- Enter or cause a projectile to enter any place from which that person may lawfully be excluded and that is posted in accordance with Title 17-A, section 402, subsection 4 or in a manner reasonably likely to come to the attention of intruders or that is fenced or otherwise enclosed in a manner designed to exclude intruders; or
- Enter or remain in or cause a projectile to enter or remain in any place in defiance of a lawful order not to enter or an order to vacate that was personally communicated to that person by the owner of the place or another authorized person.
Definition of projectile: For the purposes of this section, “projectile” means a bullet, pellet, shot, shell, ball, arrow, bolt or other object propelled or launched from a firearm or a bow, crossbow or similar tensile device.
For information on other provisions of these laws, contact the Department of Inland Fisheries and Wildlife at (207) 287-8000.
A person may not charge any fee for access to land if the fee is contingent upon the taking of game on that land or directly related to the taking of game on the land, unless the land is an authorized commercial shooting area licensed as follows: The commissioner may issue licenses for the establishment and operation of commercial shooting areas, authorizing the owner of a commercial shooting area to charge others for the opportunity to hunt mallard ducks, pheasants, quail, Chukar partridge, and Hungarian partridge in that area (12 MRSA section 12101).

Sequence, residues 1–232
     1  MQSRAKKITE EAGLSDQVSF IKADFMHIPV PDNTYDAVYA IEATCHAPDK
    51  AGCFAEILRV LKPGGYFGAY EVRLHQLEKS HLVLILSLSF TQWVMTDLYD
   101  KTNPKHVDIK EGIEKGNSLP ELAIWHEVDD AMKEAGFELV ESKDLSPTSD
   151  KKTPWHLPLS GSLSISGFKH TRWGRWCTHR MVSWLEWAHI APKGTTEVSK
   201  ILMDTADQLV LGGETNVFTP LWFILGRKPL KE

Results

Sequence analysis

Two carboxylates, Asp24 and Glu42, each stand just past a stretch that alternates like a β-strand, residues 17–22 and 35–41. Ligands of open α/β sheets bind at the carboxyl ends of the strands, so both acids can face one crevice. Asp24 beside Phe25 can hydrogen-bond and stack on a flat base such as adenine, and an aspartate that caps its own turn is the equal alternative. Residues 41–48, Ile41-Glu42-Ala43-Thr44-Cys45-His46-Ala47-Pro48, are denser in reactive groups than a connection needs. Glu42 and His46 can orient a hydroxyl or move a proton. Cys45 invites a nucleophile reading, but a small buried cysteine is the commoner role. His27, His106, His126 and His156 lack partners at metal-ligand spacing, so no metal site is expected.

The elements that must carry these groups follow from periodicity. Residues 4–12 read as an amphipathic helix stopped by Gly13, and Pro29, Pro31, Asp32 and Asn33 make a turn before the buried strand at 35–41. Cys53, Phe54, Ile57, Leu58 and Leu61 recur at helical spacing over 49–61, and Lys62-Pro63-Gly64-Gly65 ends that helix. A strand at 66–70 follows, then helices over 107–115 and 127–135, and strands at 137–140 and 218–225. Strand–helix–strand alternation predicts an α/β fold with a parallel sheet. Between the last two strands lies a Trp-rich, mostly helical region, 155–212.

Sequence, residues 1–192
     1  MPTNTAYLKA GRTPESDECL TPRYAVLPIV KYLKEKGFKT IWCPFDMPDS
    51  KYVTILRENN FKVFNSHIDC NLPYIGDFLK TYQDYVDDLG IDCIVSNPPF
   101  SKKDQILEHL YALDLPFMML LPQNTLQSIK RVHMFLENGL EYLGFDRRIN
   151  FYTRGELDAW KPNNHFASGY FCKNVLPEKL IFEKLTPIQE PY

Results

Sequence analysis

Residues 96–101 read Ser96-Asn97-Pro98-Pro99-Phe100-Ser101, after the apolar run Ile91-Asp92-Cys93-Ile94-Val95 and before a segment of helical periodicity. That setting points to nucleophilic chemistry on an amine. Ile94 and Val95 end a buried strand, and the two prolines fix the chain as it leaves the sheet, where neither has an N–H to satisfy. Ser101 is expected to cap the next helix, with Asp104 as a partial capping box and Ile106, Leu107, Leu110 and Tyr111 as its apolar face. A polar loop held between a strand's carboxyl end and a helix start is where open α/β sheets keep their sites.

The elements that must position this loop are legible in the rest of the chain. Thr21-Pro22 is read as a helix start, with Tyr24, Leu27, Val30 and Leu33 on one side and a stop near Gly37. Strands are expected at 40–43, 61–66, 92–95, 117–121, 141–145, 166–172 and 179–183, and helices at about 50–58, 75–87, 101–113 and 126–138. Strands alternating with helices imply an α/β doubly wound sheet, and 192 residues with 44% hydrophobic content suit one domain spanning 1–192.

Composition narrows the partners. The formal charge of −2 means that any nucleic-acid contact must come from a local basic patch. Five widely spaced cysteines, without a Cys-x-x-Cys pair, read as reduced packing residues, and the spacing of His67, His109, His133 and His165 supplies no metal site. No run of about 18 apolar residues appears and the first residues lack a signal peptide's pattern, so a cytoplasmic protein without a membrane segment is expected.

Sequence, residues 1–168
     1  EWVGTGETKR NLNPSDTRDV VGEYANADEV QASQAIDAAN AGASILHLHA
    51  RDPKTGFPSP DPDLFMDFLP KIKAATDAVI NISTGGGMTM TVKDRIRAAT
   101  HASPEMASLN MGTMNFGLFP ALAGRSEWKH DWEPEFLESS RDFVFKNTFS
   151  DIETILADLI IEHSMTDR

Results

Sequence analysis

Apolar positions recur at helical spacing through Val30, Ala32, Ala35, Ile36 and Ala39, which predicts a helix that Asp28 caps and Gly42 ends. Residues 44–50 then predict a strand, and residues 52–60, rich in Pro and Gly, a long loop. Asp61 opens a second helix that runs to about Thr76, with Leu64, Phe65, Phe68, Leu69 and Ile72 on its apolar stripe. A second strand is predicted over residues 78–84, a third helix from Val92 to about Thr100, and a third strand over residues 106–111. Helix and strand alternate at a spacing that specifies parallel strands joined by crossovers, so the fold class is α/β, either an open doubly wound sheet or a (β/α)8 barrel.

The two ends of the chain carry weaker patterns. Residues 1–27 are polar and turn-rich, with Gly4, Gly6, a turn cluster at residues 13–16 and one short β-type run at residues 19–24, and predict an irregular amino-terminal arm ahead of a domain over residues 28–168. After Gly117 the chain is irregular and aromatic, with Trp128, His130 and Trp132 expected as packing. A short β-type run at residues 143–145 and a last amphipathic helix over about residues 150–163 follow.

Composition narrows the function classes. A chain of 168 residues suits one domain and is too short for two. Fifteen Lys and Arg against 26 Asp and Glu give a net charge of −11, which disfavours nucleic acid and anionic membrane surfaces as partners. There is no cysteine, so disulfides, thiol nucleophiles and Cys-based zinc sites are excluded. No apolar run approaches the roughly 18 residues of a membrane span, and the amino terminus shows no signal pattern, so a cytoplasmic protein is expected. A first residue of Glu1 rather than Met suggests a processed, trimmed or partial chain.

The operator of a commercial shooting area may authorize a person to hunt other wild birds or wild animals in a commercial shooting area during the regular open season on those species, in accordance with the provisions of 12 MRSA Part 13, as long as the person possesses a valid state hunting license that allows the hunting of those wild birds and wild animals.
The operator of the commercial shooting area shall provide to each person taking birds in that area a receipted invoice or bill of sale for possession and transportation of those birds.
Enforcement of the trespass laws of a commercial shooting area is the responsibility of the owner and may not in any manner be considered an obligation of the Department.
Commercial Shooting Areas
Hunting on commercial shooting areas is governed by the license provisions of Section 12101. For a complete copy of this law, and to obtain a list of commercial shooting areas, call the Information Center at (207) 287-8000.